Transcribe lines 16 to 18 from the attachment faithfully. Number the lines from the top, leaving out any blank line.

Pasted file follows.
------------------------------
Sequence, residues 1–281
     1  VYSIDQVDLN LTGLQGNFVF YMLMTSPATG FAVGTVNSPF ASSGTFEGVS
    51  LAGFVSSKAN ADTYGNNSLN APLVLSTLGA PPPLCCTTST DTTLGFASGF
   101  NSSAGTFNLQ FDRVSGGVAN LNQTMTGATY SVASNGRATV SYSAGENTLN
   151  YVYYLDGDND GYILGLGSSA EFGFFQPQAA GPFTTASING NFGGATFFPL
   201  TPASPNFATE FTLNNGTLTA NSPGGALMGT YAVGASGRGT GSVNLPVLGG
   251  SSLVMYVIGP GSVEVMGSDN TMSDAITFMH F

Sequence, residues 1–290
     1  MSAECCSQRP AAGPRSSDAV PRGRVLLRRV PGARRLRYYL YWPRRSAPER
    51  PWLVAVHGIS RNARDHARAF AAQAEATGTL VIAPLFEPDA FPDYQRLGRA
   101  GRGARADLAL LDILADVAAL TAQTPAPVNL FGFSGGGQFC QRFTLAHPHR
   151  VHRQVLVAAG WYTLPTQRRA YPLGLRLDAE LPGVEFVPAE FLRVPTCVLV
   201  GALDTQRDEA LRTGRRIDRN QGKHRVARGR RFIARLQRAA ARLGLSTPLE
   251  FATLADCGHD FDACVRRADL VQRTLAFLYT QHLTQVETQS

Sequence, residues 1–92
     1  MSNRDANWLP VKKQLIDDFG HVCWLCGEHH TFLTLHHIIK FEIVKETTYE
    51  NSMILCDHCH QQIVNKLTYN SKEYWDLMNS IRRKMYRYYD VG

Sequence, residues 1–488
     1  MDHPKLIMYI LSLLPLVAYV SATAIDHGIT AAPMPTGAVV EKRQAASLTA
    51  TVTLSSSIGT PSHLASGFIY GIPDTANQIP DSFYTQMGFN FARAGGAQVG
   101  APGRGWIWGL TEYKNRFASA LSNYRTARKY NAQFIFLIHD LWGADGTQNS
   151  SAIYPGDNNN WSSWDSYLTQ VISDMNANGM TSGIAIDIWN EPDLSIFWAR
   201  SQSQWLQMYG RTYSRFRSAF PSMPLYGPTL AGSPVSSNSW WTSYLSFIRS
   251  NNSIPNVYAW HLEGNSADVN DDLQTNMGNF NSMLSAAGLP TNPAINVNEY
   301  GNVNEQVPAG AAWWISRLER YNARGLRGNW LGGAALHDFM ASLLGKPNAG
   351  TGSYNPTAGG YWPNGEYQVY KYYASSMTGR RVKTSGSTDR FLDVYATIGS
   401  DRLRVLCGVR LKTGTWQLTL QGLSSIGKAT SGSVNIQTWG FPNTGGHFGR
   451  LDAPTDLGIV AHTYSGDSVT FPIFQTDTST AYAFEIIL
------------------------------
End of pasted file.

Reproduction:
     1  MSNRDANWLP VKKQLIDDFG HVCWLCGEHH TFLTLHHIIK FEIVKETTYE
    51  NSMILCDHCH QQIVNKLTYN SKEYWDLMNS IRRKMYRYYD VG

Sequence, residues 1–488